Sunday, January 22, 2006
My schizophrenic aversion to pictures of the author Louis Wolfson means this is a picture of some other Louis Wolfson instead, and a 'solo platinum producer award' winner too, which is either something to do with very advanced DIY metallurgy or the music industry, I'm not sure which
Louis Wolfson (b. 1931) is a New York-born Jewish writer, and author of Le schizo et les langues. For reasons best known to himself, he could not (still can't?) bear the experience of hearing or reading English, and performed ingenious verbal fugues, translating the English all around him into a Finnegans Wake-style soup of more reassuring tongues. Lacanians must have a field day with him. In The Violence of Language, Jean-Jacques Lecercle describes the process:
Like Brisset [see my earlier post], Wolfson does violence to the sentences he compulsively analyses, and sometimes re-analyses. But there is an important difference. He respects the words of the original text, he does not cut them up into syllables. Rather, he ‘translates’ them, using homophony between languages and not just within a language, and combines these translations into sentences that, being written in several languages, are linguistic monsters. Thus, when he hears some workmen saying about him ‘he’s a screwball’—we can understand the urgent necessity of defusing the aggressive potential of the sentence through translation—he produces the following sentence: H(o)(u) i(l) (est ist yest) (un ein odin schab) (écrou Schraube) (Ball balle),where we recognize words in French, German, Hebrew, and Russian, and where I have placed variants he gives between [parentheses], because any variation will do, providing it is not an English word.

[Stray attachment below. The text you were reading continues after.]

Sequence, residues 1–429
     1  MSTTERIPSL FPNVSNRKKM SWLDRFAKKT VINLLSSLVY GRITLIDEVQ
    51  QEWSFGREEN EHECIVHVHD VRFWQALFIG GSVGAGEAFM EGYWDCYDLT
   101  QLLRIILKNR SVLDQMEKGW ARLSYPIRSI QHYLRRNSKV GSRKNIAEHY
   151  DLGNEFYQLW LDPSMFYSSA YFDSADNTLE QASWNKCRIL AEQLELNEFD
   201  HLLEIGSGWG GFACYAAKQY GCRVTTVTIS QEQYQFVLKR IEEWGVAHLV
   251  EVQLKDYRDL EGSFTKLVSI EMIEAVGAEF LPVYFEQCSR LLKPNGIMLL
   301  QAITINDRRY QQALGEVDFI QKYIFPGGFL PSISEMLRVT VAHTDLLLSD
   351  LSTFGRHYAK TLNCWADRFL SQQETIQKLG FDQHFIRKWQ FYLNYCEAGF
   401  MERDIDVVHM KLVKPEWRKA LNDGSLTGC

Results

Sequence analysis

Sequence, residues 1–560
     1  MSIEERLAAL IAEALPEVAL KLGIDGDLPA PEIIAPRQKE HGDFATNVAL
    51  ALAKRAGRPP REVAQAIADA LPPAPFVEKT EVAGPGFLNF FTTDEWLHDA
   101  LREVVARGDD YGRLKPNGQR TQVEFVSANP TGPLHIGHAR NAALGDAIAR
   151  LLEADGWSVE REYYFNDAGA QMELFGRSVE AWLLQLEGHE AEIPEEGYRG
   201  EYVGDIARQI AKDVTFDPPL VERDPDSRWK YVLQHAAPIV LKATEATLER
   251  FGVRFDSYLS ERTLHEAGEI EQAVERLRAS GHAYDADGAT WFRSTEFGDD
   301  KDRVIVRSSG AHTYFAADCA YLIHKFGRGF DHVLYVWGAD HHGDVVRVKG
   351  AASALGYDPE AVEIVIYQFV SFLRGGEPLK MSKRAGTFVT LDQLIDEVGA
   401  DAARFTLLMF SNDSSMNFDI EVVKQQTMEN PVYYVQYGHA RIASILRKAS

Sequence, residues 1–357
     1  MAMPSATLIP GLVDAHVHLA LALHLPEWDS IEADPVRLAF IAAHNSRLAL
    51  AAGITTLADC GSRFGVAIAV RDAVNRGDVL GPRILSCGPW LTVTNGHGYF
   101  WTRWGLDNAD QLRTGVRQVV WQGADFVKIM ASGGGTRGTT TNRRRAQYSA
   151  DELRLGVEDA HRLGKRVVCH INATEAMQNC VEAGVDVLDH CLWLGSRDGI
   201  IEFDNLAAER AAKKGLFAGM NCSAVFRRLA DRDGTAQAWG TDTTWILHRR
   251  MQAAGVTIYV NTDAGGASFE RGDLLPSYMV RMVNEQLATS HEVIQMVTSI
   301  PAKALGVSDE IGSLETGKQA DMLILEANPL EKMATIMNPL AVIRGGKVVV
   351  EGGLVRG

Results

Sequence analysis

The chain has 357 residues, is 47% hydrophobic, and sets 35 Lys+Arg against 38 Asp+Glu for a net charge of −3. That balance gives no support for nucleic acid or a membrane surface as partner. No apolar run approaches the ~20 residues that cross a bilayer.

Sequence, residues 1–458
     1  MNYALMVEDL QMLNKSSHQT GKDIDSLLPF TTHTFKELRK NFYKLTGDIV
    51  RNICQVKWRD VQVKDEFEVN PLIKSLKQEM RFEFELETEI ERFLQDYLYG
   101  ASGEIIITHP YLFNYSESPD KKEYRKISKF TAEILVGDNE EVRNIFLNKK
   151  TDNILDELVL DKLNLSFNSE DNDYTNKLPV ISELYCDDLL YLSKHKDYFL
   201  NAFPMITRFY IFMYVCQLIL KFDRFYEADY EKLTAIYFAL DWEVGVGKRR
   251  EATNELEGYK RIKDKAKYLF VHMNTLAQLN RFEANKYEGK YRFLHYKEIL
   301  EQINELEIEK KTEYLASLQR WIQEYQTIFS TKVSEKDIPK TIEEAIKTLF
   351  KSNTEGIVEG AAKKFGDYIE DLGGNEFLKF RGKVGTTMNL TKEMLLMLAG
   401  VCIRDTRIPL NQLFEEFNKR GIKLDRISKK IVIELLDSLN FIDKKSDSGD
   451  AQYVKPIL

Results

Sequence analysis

Is Wolfson still alive? Is he still writing? How is his tolerance for English these days?